17 Books by South Asian Authors

At some point, the books in our usual realm of reading can become monotonous. So I’m turning to authors that I haven’t given much notice to before and expanding my reading list with some new and old books whose roots lie in South Asia.

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1) Darius the Great Is Not Okay by Adib Khorram

Adib Khorram hails from Kansas City and does a wonderful job of incorporating his Iranian heritage into his writing. His debut novel, Darius the Great Is Not Okay had to be one of my tops for this list.

Darius Kellner speaks better Klingon than Farsi, and he knows more about Hobbit social cues than Persian ones. He’s a Fractional Persian – half, his mom’s side – and his first-ever trip to Iran is about to change his life.

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2) The Reluctant Fundamentalist by Mohsin Hamid

Mohsin Hamid has spent his life between London, New York, California, and his birthplace: Lahore, Pakistan. He’s achieved a variety of awards for his work and his book, The Reluctant Fundamentalist, was included in the BBC’s 2019 list of “100 Novels That Shaped Our World”.

At a café table in Lahore, a bearded Pakistani man converses with an uneasy American stranger. As dusk deepens to night, he begins the tale that has brought them to this fateful encounter…

3) The Space Between Us by Thrity Umrigar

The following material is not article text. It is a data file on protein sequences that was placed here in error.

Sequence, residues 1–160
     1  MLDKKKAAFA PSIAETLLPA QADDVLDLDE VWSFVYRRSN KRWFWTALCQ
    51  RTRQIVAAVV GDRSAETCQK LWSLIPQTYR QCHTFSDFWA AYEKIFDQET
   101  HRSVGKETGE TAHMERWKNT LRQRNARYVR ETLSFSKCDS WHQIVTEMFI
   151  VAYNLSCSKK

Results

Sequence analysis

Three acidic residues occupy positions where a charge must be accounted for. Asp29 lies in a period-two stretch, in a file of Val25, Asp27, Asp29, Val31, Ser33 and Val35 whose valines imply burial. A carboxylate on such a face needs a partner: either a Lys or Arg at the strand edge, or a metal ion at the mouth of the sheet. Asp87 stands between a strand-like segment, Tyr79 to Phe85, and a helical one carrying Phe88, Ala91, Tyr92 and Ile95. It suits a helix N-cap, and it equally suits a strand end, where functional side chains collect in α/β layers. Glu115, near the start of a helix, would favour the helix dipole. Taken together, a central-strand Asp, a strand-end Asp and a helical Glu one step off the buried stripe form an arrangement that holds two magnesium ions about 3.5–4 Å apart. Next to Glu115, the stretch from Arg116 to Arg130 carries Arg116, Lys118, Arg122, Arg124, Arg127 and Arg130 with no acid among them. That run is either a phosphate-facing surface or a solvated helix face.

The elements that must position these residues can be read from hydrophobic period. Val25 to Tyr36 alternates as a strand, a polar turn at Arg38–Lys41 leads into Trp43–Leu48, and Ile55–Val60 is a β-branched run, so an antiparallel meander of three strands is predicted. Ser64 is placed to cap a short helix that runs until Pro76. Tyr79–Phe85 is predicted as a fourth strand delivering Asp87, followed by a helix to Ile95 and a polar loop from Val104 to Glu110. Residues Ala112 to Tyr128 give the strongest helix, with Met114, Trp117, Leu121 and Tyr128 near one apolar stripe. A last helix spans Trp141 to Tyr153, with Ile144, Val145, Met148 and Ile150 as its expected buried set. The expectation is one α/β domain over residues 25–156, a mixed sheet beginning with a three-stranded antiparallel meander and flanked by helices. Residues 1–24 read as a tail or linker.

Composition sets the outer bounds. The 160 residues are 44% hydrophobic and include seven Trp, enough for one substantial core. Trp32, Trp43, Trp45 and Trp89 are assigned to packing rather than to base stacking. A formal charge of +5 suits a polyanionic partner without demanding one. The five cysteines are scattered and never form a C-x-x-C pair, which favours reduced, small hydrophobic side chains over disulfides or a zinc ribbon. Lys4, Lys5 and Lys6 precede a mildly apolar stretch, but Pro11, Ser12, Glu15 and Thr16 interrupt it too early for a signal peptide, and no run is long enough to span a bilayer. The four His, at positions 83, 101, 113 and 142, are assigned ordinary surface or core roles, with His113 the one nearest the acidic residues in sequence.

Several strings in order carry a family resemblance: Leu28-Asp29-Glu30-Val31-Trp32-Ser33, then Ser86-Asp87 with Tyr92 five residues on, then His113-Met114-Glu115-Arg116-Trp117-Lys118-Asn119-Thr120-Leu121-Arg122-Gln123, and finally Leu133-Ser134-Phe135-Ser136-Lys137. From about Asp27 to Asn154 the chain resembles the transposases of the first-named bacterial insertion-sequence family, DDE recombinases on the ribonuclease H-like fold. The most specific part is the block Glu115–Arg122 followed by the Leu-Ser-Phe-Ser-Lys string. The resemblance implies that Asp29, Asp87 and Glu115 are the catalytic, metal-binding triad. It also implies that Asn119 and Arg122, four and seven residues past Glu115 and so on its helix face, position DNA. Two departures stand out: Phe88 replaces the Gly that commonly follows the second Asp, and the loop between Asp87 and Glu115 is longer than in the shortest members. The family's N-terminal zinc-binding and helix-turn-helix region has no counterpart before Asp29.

Born in Bombay, Umrigar came to the U.S. when she was 21. Since then, she’s earned an M.A. in journalism, a Ph.D. in English, and a position as a Distinguished University Professor of English at Case Western Reserve University. Her work analyzes class and gender roles in modern day India and delivers an insightful and refreshing perspective in contemporary literature.

Alternatively told through the eyes of Sera, a Parsi widow whose pregnant daughter and son-in-law share her elegant home, and Bhima, the elderly housekeeper who must support her orphaned granddaughter, the two women have a bond that goes far deeper than that of employer and employee.

4) Marriage of a Thousand Lies by SJ Sindu

SJ Sindu was born in Sri Lanka and raised in Massachusetts. She was selected as a Lambda Literary Fellow in 2013 and teaches at the University of Toronto. Her first novel, Marriage of a Thousand Lies, has won numerous awards but the significance of its subject matter goes far beyond literary accomplishments.